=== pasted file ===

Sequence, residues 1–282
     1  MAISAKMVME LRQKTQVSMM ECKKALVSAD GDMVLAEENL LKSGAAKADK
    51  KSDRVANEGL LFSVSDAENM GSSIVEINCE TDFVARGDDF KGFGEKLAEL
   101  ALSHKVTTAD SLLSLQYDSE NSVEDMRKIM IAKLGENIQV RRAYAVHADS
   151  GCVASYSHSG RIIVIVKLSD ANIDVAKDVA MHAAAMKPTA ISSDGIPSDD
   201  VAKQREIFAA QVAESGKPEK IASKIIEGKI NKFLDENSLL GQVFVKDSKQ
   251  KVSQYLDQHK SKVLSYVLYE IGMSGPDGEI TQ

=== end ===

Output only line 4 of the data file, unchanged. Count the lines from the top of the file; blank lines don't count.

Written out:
   101  ALSHKVTTAD SLLSLQYDSE NSVEDMRKIM IAKLGENIQV RRAYAVHADS